Me: (Internal Self-empathy: I notice the word flaky triggers me. I feel hurt rise up through my chest. I feel anger and want to lash out. I know I can't give empathy from this state.)


Me: (Honest expression): I feel hurt hearing the word flaky. That's really triggering for me because I'm needing understanding. Could you say your feelings and needs instead of judgments?

Friend: No. I need to express what's going on for me.

Me: (Internal Self-empathy: I take about 10 minutes in silence. I connect with my feelings of disappointment and hurt and my needs for understanding and acceptance. I see that we could veer onto another thread of discussion if I follow up on my request. I realize that it's important to go back to the original event rather than get caught in an argument about expressing judgments or not expressing them.)


Me: (Internal Self-empathy: I take time to get clear on what happened in my decision not to do the shopping that afternoon, and what feelings and needs were up for me then and are up for me now regarding that decision.)

Me: (Honest expression): When I think about my decisions today. I observe that I made a conscious choice to spend more time with my sister and not do the shopping. When I think about her being absent from my life for seven years, I feel grateful to have time with her. It's so important to me to care for her and nourish the connection we have. When I think about your need for trust not being met along with my own need for integrity around doing what I say I am going to do, I feel regret and disappointment.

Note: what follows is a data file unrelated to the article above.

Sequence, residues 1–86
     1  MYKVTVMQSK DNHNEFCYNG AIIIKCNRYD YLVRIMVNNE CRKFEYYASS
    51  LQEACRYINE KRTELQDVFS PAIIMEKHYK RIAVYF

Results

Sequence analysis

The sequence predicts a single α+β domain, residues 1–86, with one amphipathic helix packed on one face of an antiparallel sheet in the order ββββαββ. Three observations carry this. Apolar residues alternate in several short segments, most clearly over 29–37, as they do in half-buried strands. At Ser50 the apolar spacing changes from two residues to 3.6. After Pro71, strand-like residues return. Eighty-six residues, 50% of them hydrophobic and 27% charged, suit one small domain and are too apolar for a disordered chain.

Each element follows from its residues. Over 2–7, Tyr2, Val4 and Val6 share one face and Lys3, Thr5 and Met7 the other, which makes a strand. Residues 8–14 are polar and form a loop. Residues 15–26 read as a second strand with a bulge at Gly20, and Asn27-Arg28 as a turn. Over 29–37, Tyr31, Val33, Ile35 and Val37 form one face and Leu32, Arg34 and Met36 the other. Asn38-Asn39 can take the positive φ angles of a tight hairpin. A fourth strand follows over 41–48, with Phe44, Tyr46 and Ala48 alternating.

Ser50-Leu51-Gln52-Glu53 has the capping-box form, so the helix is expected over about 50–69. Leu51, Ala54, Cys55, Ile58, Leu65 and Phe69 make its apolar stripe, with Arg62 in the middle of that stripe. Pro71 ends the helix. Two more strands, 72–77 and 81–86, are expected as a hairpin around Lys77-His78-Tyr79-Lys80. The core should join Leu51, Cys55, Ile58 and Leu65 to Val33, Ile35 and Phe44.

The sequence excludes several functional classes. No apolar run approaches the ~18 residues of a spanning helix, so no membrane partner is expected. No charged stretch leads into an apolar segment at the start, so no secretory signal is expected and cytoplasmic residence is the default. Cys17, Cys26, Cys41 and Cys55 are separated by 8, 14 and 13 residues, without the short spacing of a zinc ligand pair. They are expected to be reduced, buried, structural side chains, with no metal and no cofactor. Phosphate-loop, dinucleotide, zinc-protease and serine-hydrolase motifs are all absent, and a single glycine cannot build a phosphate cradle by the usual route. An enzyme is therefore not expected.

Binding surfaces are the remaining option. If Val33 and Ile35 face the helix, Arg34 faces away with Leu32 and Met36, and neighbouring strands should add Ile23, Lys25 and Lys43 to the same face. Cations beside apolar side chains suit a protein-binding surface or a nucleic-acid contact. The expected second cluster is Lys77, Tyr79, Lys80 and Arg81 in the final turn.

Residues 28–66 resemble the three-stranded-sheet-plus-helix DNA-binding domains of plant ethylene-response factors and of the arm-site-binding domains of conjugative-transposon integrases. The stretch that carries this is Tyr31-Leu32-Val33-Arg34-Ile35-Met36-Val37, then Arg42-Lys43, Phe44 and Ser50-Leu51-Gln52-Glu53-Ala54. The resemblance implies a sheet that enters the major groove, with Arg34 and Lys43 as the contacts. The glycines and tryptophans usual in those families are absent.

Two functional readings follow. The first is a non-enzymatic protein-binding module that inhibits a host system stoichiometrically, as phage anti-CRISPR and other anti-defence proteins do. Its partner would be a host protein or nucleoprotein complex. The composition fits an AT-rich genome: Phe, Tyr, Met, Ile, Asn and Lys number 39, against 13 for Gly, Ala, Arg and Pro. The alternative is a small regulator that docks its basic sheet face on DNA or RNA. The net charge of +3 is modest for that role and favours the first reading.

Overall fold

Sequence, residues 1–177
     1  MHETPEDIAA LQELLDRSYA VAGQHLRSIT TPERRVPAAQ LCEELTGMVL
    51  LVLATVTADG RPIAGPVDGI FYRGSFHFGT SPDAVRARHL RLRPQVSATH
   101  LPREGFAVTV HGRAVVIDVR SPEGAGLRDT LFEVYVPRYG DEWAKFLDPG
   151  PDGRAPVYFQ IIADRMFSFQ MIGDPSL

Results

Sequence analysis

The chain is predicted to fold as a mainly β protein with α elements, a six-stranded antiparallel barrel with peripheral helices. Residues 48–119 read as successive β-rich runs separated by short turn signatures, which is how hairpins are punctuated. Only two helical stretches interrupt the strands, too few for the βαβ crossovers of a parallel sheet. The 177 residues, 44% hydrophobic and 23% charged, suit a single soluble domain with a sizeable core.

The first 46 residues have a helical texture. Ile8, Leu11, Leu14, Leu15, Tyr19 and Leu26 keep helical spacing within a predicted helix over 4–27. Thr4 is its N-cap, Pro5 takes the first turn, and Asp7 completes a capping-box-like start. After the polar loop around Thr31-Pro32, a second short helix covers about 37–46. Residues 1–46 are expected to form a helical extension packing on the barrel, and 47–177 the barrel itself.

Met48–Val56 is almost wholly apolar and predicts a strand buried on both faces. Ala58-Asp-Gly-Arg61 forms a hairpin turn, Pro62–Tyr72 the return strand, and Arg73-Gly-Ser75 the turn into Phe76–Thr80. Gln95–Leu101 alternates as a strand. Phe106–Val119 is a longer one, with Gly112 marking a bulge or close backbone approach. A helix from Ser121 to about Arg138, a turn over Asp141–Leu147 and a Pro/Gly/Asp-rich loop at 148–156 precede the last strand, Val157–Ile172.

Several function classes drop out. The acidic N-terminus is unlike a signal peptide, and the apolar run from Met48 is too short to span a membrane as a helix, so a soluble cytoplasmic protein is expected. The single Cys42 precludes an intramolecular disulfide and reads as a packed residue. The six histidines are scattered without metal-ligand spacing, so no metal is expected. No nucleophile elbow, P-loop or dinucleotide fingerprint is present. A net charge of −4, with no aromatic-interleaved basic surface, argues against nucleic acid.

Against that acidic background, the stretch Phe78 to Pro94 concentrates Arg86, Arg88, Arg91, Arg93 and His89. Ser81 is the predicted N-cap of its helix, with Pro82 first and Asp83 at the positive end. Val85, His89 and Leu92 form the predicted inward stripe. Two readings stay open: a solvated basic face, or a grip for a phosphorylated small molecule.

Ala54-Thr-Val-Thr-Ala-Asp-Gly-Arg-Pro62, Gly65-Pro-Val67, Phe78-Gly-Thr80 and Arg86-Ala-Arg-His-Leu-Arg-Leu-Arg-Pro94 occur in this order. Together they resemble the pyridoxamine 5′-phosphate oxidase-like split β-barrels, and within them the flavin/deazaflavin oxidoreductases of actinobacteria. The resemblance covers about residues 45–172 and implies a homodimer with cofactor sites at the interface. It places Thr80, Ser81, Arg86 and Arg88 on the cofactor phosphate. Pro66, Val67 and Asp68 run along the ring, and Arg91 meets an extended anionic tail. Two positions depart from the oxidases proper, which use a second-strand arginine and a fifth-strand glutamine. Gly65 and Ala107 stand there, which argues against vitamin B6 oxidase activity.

Me: (Request to myself out loud) I am committed to attending to needs for integrity, trust, and mutuality around our work projects together by double checking my schedule before I tell you when I will do something and by checking in with you if I want to make a change.


Me: (Connecting request) What comes up for you hearing that?

This dialogue took a few more exchanges of empathy and honest expression to reach connection and clarity.

Regardless of the twists and turns of an interaction it is important to stay focused on the initial trigger event and stay with these essential elements:

Essential Elements of a Giraffe Apology

Observation - Identify the action that failed to meet needs in clear and neutral terms.

Self-Empathy - If you're reacting with anger, guilt, or defensiveness, around noticing that your actions did'nt meet the needs of someone else, it's important to ask for a pause so that you can go inside and watch your jackal show and honor your own feelings and needs before attempting honest expression or empathy.